A Brief History of Seven Killings, on the other hand, is novel with a center–the attempted assassination of Bob Marley–that does not, even for most of the characters, explain much at all; it most clearly explains why the characters are in the same novel.

The narration that springs from it does not assume, or imply, a common narrative; the significance of the attempted assassination does not concern many of the characters. Nonetheless, it would be going to far to call it a red herring or MacGuffin in the novel, as it inspires Sir Arthur George Jennings, witnessing Marley’s funeral (he died later, from cancer) to honor Marley’s influence in the world:

But in another city, another valley, another ghetto, another slum, another favela, another township, another intifada, another war, another birth, somebody is singing Redemption Song, as if the Singer wrote it for no other reason but for this suffered to sing, should, whisper, weep, bawl, and scream right here, right now.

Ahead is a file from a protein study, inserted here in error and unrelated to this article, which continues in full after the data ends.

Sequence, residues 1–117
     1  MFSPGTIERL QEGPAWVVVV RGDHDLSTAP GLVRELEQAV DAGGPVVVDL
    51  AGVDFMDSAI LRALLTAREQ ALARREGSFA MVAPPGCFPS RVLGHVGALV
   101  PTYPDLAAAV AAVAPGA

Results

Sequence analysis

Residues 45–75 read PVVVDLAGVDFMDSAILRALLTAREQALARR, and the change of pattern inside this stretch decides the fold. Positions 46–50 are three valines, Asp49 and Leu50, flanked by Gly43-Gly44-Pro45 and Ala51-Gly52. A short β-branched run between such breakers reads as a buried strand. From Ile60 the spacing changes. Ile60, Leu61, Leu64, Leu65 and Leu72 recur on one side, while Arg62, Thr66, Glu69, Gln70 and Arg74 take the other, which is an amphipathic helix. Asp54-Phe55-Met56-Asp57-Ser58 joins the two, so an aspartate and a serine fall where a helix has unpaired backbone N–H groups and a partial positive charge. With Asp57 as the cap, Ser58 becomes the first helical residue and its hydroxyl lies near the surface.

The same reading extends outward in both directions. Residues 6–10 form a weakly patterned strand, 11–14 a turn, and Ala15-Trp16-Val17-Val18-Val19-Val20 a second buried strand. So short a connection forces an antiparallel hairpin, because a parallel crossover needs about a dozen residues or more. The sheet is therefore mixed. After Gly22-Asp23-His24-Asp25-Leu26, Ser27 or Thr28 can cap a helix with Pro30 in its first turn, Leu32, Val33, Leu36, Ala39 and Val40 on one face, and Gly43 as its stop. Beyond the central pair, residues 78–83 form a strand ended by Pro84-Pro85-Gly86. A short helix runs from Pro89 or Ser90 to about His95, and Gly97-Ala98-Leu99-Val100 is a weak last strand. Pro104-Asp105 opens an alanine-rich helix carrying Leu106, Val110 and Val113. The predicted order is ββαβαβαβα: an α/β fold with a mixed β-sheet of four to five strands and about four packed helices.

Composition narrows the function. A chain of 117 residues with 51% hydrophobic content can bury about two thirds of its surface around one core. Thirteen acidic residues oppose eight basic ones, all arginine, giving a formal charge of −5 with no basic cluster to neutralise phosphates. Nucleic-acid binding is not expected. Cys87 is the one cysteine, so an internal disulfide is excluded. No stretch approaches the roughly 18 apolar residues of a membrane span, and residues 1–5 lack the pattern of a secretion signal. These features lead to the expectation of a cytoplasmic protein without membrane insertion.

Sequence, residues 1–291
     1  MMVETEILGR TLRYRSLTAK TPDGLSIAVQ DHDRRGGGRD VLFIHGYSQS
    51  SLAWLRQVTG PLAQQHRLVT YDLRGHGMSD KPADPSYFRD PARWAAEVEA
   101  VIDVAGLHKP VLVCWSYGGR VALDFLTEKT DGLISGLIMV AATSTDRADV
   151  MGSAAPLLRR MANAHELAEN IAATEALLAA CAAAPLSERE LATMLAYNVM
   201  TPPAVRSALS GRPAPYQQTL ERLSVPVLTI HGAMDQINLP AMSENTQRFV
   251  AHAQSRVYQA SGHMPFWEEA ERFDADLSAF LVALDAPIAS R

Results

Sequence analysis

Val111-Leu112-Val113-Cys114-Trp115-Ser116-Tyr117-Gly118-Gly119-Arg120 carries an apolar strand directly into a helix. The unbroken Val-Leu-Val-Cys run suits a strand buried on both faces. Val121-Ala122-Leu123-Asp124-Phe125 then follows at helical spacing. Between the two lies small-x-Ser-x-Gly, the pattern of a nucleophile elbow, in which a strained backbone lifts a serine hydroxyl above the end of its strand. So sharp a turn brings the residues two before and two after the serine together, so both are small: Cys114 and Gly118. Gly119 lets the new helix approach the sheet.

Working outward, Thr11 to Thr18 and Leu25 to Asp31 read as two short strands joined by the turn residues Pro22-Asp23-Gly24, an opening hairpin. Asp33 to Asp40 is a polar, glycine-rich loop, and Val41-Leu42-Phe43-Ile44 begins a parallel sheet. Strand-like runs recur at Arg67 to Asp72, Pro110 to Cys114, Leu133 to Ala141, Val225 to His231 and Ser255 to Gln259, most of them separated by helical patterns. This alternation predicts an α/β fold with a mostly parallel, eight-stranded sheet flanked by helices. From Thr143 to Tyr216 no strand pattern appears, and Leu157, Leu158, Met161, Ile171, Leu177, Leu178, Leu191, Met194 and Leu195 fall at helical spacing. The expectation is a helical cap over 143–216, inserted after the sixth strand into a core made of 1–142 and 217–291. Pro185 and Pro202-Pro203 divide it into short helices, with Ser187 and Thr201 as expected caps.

But these are far from the final words in the novel, and they need to be read as both jarring with the symphony of voices in the novel who live without such ideals (it is a rare moment of hope for social change), and also as being made irrelevant, in the novel’s structure, to them; the point of the novel is not to show other voices ignoring Marley’s significance (that would make it a novel about Marley), but to show that Marley is only one center in the novel.

A Brief History of Seven Killings is a historical novel written from the perspective of characters who do not care about history, or else do not agree on what it is; at the root of that disagreement is a disagreement on what, if anything, gives history its contours, if it has contours at all. It disabuses itself of the notion that the narration of a historical novel needs to be concerned with the significance of (the course set by, the impact held by, the moral gravity in) a central event.